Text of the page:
Five Parametric Projects That Will Blow Your Mind
September 17, 2012
“Parametricism” has become a byword of sorts for “indulgent” formmaking, or “form for form’s sake”. Yet inherent within parametric design is the ability to mass customize and localize individual components within the architectural form, thereby making more and more complex shapes that much easier to fabricate. This–the ability to increasingly realize complexity at architectural scales–is, no doubt, a significant development for the making and experiencing of architecture.
But fabrication is contingent on rapid-prototyping machines and their availability, which, more often than not, are out of reach to most architects and designers for extended periods of time. That’s the great thing about the GE Garages, a mobile lab that spreads the good news of rapid prototyping across the country. The lab arrives at New York’s STORY this October, and the GE Garages: Making Things Competition is giving you the chance to design the storefront window installation that will welcome the throngs of needy designers. And they’re giving you $20,000 to do it.
But hurry! The deadline for submissions is this Thursday, September 20 at 11:59 PM (EST). In the meantime, we thought we’d round up some great parametric projects–both interior installations and full-fledged pop-ups–that point to the future of architecture. Continue.
Installed in 2010 in a Lower East Side gallery, ‘CHROMAtex.me‘ by SOFTlab was a temporary piece made up of 5,000 unique colored panels, fastened together with binder clips (!). The gradient of color that passes from the edges to the inside of the installation gives depth and contrast to the vortex-like form, which burrows through the gallery space, consuming it while revealing its contents only to passerbys outsides.
This second iteration of Matsys‘ “P-Wall” stood on the fifth floor of the SFMoMA until last November, when the bulbous installation was removed. Their loss. The piece is notable for its cloud-like surface, which begs the visitor to stroke it. According to the architects, the wall was an exercise in generating differentiate patterns based on grayscale values, which were used to make form molds. These were filled with plaster, which, after hardened and reactive to various gravitational conditions, resulted in the definitive bubble cast.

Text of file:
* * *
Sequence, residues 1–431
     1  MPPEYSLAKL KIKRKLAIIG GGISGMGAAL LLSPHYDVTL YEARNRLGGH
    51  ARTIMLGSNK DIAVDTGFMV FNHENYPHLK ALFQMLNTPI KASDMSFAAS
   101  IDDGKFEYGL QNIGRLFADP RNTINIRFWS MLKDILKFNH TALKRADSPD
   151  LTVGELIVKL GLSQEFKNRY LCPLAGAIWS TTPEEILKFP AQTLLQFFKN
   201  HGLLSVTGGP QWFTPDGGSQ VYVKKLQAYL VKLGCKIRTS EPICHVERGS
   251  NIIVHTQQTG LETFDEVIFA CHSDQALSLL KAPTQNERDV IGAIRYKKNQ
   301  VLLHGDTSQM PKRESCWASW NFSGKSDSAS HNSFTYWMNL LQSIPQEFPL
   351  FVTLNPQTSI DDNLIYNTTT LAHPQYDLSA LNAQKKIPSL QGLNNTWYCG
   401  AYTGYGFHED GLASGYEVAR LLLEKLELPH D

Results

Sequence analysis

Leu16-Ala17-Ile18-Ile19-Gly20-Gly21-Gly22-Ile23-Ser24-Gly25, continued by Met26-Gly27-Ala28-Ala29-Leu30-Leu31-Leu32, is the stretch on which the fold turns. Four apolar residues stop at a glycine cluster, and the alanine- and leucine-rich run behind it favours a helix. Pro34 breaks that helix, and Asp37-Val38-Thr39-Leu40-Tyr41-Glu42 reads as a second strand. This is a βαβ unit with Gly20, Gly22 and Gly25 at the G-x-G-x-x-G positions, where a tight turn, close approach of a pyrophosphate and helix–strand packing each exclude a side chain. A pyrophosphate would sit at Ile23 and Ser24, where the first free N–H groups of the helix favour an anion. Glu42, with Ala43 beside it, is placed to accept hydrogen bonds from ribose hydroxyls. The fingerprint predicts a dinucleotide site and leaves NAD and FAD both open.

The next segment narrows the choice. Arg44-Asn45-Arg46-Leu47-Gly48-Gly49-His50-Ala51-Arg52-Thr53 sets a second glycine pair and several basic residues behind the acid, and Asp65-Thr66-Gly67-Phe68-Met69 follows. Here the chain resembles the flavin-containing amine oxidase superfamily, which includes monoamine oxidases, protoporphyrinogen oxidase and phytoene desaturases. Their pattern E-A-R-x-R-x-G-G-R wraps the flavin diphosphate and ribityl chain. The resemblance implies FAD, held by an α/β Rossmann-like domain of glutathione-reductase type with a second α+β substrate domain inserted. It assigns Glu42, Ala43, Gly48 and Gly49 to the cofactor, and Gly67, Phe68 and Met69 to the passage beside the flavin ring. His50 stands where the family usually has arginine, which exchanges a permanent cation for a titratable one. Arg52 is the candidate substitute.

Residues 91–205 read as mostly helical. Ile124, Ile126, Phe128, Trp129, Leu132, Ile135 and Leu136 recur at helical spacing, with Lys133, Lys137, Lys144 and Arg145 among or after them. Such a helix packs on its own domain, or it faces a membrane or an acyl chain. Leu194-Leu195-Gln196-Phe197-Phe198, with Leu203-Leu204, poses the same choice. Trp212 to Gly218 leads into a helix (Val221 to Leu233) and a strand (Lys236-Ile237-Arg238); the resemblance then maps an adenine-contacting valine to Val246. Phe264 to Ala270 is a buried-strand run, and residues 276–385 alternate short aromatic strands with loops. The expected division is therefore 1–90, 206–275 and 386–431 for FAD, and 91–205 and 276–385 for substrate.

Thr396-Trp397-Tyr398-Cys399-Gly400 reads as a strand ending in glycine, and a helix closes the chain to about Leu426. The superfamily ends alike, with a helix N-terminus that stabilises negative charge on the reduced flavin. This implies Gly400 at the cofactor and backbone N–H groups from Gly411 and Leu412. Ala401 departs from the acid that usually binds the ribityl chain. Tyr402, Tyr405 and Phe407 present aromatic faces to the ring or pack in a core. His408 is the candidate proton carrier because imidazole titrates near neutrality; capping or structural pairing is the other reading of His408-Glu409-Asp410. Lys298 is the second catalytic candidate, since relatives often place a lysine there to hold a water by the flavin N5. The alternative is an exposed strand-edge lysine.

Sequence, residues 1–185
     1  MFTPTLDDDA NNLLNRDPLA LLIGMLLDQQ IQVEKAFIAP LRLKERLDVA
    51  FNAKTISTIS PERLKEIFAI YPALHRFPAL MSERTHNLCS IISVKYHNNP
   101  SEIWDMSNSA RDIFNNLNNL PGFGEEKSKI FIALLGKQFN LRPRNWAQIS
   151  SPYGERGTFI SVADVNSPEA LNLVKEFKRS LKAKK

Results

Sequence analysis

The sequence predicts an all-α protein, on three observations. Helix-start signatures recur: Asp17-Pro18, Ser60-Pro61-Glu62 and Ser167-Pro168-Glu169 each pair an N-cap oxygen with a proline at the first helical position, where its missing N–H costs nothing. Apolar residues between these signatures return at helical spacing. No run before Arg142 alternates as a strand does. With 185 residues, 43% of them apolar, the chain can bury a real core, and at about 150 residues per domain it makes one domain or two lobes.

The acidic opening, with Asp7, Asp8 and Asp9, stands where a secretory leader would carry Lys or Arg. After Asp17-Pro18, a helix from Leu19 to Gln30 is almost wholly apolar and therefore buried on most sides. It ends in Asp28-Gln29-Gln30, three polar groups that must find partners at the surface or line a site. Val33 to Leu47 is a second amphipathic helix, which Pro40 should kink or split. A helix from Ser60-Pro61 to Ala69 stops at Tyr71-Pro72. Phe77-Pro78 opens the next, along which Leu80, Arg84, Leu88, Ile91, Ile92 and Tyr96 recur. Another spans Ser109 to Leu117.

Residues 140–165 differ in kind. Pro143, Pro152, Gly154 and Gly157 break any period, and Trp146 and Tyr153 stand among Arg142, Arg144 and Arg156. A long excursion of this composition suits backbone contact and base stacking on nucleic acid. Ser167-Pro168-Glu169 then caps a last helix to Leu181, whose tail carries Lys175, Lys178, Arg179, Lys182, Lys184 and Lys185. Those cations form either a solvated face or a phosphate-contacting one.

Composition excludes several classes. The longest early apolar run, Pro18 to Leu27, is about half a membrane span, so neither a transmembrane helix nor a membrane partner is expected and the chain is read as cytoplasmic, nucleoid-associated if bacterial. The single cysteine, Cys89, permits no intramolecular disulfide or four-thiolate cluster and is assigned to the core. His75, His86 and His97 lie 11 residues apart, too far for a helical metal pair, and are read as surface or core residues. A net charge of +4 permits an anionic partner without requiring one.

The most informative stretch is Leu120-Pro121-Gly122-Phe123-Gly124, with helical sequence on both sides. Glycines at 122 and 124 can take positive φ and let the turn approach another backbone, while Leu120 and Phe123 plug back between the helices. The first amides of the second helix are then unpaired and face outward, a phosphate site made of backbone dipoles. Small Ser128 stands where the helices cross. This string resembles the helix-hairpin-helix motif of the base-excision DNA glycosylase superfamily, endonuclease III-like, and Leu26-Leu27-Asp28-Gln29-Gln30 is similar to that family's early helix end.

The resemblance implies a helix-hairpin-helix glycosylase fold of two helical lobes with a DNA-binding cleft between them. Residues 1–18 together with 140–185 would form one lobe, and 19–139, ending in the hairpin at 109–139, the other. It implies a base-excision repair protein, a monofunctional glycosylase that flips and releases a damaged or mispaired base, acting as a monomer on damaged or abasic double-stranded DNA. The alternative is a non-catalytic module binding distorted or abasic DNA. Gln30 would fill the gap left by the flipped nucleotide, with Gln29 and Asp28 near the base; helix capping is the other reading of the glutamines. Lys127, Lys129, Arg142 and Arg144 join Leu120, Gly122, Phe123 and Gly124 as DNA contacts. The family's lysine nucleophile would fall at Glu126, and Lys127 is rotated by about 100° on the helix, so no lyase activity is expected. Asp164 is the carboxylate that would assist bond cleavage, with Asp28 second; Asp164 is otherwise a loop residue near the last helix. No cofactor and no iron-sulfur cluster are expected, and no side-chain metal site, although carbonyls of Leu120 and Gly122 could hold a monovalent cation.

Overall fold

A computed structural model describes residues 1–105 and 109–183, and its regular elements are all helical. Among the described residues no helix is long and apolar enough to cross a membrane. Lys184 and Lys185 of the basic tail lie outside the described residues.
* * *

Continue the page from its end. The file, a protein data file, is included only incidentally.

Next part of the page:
We’re not exactly sure what’s going on with Gage/Clemenceau‘s Nicola Formichetti Pop-Up store for the 2011 BOFFO: Building Fashion series. The space, which stood inside a Chinatown storefront last September for two weeks last fall, looked like the inside of a disco ball, its wall covered with thousands of individual mirrored panels that formed the cave-like interiors. Formichetti’s flamboyant wares met their match in the architect’s hectic, fractured design, which, needless to say, would be near impossible to envision without advanced digital tools.
Produced with ISOFORM (Edwin Liu) for the The Extension Gallery, in Chicago Illinois, Easton + Combs’ “Changing Room” is a cyclonic structure made of hundred of lightweight CNC-milled polycarbonate panels. The design features an innovative structural solution, whereby the dichronic-colored panels are woven into a three-dimensional herringbone pattern; to the exterior, the mirror-sided panels reflect light and the gallery walls, while on the interior, the layered purple-hued polycarbonate creates an altogether different, more private condition.
‘The Morning Line‘ (2011) in Istanbul
The “Evening Line/Morning Line” by Aranda/Lasch represent an on-going project for the innovate architectural firm. The former installation was exhibited at the 2008 Venice Biennale, while the latter has been displayed in many cities throughout Europe (it was last seen in Istanbul). The design is comprised of chains of a single element, a hexagonal panel, recursively copied and rotated several hundred times in all number of scales. These are linked in various configurations to form the structure of the sculpture.